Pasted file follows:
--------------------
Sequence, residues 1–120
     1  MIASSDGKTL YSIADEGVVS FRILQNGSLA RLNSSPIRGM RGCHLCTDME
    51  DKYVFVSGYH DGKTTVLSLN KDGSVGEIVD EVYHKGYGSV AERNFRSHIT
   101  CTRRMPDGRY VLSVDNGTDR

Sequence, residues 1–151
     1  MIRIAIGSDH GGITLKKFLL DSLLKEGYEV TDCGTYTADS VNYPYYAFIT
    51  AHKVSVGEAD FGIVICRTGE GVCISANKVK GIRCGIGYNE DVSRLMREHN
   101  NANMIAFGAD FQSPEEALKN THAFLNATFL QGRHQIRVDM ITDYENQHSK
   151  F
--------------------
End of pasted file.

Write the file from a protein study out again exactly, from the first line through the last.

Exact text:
Sequence, residues 1–120
     1  MIASSDGKTL YSIADEGVVS FRILQNGSLA RLNSSPIRGM RGCHLCTDME
    51  DKYVFVSGYH DGKTTVLSLN KDGSVGEIVD EVYHKGYGSV AERNFRSHIT
   101  CTRRMPDGRY VLSVDNGTDR

Sequence, residues 1–151
     1  MIRIAIGSDH GGITLKKFLL DSLLKEGYEV TDCGTYTADS VNYPYYAFIT
    51  AHKVSVGEAD FGIVICRTGE GVCISANKVK GIRCGIGYNE DVSRLMREHN
   101  NANMIAFGAD FQSPEEALKN THAFLNATFL QGRHQIRVDM ITDYENQHSK
   151  F